As you may have read in patch notes, we’ve improved our hit detection system to an even better level than it was before. In today’s blog, we’d like to share more about how melee hit detection worked before and how it works now.
Each weapon in the game has special nodes on them that represent different parts of the weapon and deal different types, and amounts, of damage. Each server tick we cast a ray (draw a line) between the current position of the node and its position in the past (previous tick). If a line crosses the hitbox of another player, horse, house, etc. - that means the weapon has scored a hit. During the weapon swing animation, a couple of simulation ticks happen so, we get the following information about that swing.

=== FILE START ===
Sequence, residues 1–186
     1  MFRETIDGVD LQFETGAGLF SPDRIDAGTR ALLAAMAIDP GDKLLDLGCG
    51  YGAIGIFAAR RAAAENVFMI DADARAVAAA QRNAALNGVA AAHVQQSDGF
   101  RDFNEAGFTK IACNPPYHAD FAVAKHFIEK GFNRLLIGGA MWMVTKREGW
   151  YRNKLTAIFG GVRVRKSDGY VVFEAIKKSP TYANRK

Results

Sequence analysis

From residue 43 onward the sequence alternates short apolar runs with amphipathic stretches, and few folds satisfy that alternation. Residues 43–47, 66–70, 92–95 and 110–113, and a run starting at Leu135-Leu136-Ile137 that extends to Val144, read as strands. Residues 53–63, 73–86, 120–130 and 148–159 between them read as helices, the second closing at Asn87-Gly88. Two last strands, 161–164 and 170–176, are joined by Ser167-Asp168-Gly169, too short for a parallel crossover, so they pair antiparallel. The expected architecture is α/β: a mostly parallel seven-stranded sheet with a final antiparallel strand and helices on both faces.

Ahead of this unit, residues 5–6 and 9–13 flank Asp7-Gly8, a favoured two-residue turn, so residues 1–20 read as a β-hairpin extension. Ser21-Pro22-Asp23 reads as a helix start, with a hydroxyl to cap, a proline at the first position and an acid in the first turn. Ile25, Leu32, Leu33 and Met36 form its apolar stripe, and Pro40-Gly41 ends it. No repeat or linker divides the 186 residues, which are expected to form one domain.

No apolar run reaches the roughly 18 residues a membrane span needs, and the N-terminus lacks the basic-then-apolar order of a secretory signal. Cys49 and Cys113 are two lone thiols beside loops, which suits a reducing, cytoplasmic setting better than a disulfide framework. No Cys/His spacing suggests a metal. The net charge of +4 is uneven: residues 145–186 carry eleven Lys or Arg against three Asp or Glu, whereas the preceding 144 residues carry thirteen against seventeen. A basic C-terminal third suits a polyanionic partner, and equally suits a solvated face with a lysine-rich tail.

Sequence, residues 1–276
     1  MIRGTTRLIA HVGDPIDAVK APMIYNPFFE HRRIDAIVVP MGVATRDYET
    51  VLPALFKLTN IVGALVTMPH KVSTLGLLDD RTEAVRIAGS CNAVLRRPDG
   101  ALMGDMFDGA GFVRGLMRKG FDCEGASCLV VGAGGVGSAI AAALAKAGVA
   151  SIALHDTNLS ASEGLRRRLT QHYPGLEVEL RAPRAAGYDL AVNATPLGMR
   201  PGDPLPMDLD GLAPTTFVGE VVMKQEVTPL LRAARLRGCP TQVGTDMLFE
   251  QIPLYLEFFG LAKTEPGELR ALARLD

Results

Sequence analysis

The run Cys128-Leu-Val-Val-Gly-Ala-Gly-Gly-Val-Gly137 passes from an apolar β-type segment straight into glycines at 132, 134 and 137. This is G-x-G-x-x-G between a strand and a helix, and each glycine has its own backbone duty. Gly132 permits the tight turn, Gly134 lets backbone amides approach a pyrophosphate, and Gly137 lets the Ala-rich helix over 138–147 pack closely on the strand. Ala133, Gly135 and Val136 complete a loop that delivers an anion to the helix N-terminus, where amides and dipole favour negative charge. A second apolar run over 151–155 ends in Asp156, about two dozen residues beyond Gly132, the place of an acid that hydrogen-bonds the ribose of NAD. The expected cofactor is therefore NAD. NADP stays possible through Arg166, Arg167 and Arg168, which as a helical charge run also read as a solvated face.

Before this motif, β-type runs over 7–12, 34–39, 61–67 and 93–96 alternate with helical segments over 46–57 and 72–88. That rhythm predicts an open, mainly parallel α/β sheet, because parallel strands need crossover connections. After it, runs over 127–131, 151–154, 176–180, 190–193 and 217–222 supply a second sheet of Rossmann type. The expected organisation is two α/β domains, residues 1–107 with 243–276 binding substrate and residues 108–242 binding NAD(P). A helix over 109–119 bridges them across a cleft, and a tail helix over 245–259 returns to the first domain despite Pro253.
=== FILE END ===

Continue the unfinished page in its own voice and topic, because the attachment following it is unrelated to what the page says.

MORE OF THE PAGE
(Red nodes - are the sword blade’s primary damage nodes, Orange nodes - are the hilt of the sword and arm of the player)
During our last optimization patch, we tweaked the tick duration that inadvertently affected the weapon’s node impact simulation too. Thus, the precision of the resulting trajectory of the weapon nodes in some cases suffered from the animation improvements.
The solution to this problem was rather simple in theory but was much harder to implement in practice. We had to simulate weapon swinging animation ticks multiple times while leaving the global tick intact. But the good news is, it worked, and as you can see, the trajectories are much more accurate now.
We also wanted to share with you that the dust is starting to settle from the early access rush. This means that we can focus with more precision on bug fixes and optimizations while maintaining forward progress from a gameplay perspective. You can expect some major updates
Stay tuned for more news!
– The team